from The American Heritage® Dictionary of the English Language, 4th Edition

  • intransitive v. To search for and expose misconduct in public life.

from Wiktionary, Creative Commons Attribution/Share-Alike License

  • v. to search for and expose corruption or scandal especially as done by a journalist.

from the GNU version of the Collaborative International Dictionary of English

  • A rake for scraping up muck or dung. See muckrake, v. i., below.
  • intransitive v. To seek for, expose, or charge, especially habitually, corruption, real or alleged, on the part of public men and corporations.

from The Century Dictionary and Cyclopedia

  • n. A rake for scraping muck or filth. Bunyan, Pilgrim's Progress.

from WordNet 3.0 Copyright 2006 by Princeton University. All rights reserved.

  • v. explore and expose misconduct and scandals concerning public figures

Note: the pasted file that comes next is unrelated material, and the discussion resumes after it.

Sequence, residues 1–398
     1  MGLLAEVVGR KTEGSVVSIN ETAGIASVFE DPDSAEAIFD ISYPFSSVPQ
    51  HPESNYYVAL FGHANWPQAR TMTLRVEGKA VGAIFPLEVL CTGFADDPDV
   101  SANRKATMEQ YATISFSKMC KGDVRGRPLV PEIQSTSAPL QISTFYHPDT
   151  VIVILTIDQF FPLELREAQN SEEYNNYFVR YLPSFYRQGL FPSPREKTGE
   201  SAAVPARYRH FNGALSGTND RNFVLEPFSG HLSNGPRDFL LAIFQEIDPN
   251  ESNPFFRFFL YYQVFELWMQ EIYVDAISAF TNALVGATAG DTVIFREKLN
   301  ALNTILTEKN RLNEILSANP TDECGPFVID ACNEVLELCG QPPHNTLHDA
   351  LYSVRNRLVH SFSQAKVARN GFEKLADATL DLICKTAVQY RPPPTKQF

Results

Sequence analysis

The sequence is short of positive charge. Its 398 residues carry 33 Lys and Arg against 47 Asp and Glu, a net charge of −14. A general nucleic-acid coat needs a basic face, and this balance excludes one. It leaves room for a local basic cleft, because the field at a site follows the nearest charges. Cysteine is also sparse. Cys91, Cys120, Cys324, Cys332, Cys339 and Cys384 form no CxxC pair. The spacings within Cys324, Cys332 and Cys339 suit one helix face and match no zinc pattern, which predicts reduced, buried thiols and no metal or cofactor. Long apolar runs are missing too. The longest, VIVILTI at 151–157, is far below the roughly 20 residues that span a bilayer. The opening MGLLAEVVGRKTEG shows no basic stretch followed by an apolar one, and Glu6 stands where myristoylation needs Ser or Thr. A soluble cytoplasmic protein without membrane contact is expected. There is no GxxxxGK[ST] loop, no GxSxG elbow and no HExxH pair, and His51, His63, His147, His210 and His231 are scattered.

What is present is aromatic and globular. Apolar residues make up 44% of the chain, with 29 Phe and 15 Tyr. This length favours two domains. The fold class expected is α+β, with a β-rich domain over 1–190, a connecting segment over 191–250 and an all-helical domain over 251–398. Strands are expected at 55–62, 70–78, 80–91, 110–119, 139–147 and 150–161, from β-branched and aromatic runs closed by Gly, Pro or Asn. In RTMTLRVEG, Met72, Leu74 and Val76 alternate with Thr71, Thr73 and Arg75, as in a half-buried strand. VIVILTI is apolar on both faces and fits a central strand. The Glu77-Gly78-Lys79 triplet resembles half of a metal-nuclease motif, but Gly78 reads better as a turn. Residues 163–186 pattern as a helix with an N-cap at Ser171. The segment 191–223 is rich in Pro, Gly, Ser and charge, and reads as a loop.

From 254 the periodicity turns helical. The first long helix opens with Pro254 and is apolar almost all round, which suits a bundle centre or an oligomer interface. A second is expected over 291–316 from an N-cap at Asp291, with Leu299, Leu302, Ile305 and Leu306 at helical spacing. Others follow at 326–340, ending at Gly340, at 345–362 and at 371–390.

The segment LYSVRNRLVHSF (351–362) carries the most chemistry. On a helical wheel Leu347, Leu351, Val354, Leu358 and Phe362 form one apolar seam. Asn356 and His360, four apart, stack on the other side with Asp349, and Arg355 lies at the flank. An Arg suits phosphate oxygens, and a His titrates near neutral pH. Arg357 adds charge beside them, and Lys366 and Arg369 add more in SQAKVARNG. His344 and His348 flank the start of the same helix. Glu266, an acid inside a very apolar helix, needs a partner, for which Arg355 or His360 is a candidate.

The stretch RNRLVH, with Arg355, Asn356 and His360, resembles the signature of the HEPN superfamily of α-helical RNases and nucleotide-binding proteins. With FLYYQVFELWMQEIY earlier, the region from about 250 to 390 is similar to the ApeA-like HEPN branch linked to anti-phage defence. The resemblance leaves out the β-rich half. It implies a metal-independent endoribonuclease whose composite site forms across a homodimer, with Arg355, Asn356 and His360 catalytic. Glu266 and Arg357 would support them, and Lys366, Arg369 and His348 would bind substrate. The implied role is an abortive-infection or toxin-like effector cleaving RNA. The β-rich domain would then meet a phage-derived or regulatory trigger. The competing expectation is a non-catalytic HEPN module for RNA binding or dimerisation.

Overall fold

From the man with the muckrake, tool for raking muck, who cannot look up to heaven because he is so obsessed with the muck of worldly profit, in Pilgrim's Progress by John Bunyan.
(American Heritage® Dictionary of the English Language, Fourth Edition)
muck + rake (Wiktionary)



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  • Hence Teddy Roosevelt's public comment that spawned the label muckraker and the WordNet meaning above (though it's not phrased particularly well).

    September 21, 2009

  • "A man could look no way but downwards, with a muckrake in his hands."
    John Bunyan (1628-1688), Pilgrim's Progress

    September 20, 2009